Optimizing Wireless Microphone Systems for the Real World, Pt. 1

In today’s sound reinforcement, broadcast, and even recording landscapes, wireless microphones and IEMs are a heavily-used tool. Cleaner stages, freedom of movement and mobility are all possible because of wireless technology. This series of articles aims to provide readers with some of the basics involved with getting the most out of your wireless systems. Experience shows that proper planning, system design and some audio basics go a long way towards success in this area. Frankly, if you’re having trouble with your wireless mics, it is not a matter of VooDoo, black magic, or the fluorescent lights – it is more likely good, old-fashioned interference.

Gain Structure

Let’s start with the basics – these are the things that apply to any wireless system, no matter how big or small. First off, gain structure is very important with wireless microphones in order to get the best sound. There is another benefit though – better range. When you are properly modulating the RF carrier (the actual transmission signal) the receiver has more to “lock onto” and thus your range improves.

So here are the steps towards setting the proper gain structure. First, start with the transmitter itself. If it is a handheld microphone, make sure it has the capsule on it that you plan to use. Next, ideally you’ll want the person using it to give you their vocal level – either speaking or singing – not the “rehearsal” level, but the real performance level if you can talk them into it. Or, if the performer or speaker is not available, use your best judgment and simulate what you think the talent will do.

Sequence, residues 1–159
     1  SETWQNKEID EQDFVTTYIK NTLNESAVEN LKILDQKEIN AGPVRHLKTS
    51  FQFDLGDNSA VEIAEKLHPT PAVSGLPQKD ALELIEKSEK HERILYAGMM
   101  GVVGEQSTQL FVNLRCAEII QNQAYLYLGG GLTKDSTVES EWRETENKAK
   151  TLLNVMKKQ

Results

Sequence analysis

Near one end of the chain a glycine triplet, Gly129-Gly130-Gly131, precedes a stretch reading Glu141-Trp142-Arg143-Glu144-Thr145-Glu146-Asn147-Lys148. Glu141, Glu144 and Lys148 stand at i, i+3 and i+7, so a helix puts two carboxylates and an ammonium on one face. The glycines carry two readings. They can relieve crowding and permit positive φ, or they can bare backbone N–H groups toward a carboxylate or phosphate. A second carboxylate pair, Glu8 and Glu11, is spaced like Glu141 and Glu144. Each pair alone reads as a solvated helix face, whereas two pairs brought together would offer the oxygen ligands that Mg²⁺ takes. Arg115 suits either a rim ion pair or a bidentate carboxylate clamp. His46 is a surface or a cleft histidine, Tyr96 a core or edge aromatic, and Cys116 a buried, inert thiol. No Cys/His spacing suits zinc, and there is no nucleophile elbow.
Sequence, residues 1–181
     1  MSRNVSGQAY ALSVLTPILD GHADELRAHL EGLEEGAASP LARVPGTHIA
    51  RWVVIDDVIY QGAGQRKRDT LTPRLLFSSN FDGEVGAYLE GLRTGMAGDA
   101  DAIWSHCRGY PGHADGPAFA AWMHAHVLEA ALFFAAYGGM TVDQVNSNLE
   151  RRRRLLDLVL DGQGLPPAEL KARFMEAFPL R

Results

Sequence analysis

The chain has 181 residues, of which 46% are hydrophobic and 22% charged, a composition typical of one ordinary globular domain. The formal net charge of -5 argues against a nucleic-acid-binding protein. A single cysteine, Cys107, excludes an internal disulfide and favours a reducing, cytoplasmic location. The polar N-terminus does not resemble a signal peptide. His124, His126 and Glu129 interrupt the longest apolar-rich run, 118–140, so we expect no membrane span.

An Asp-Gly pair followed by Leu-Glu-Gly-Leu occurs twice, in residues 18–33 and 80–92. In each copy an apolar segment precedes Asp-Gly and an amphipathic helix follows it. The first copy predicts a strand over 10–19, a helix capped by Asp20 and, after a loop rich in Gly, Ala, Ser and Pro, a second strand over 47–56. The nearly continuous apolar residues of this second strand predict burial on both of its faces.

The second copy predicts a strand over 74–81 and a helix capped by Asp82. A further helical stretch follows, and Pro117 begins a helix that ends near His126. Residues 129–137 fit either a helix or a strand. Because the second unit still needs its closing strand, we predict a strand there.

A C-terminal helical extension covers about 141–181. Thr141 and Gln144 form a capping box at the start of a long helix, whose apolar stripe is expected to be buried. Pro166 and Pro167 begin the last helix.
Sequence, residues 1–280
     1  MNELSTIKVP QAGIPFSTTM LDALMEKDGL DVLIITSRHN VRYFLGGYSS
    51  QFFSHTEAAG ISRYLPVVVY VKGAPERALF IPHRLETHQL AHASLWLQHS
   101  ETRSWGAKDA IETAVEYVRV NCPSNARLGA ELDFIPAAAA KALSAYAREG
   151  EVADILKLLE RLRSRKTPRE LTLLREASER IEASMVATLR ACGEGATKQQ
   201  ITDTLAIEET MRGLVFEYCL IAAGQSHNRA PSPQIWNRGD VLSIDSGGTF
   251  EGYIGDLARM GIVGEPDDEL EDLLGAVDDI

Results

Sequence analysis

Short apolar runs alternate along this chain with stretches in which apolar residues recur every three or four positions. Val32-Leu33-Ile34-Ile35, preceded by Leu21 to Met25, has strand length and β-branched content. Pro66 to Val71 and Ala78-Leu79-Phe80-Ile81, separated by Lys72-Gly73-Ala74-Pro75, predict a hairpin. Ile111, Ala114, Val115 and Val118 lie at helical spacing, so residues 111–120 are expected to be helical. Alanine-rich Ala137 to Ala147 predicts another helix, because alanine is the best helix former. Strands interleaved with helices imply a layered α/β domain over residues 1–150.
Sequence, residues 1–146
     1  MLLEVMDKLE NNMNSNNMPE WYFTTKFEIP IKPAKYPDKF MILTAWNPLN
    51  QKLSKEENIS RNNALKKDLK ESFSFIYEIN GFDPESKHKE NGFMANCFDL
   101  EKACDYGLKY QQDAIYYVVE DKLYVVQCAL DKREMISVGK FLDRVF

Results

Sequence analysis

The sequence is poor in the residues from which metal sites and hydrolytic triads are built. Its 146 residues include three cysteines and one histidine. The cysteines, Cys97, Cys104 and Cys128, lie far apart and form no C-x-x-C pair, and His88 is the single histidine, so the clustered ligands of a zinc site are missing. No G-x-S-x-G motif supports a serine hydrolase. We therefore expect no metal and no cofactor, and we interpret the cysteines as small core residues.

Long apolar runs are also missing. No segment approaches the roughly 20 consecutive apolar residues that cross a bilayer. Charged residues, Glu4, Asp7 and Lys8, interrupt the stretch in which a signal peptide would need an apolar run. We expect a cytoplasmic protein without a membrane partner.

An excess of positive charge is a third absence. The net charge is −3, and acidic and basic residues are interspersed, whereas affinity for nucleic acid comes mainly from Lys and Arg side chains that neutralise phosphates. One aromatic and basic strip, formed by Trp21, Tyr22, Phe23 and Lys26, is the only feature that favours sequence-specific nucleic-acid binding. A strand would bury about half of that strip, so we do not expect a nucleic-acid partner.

What you want is to bump into the limiter on peaks. How this will be indicated differs with different manufacturers, but you should basically see that your audio signal fills up the available range and, on peaks, gets a red light to light up or some other kind of indication that your are out of dynamic range. All analog wireless units have a limiter in the signal path to prevent over-modulation, as specified by the FCC. Digital wireless units are different – they may not have a limiter. Still – it is important to get a good audio signal at the transmitter.

For body packs, connect the microphone element you intend to use – either a lavaliere mic, ear-worn, or headset. If it is a guitar pack, use the instrument cable and the guitar, bass or other instrument that will be used in performance. Again, what you want to see is full audio modulation with peak signals triggering the limiter.
As with any gain structure setup, you have now optimized your signal-to-noise in the transmitter/receiver system. Next comes the receiver. Ideally, you’ll want to connect the receiver to the mixing console with a line level input.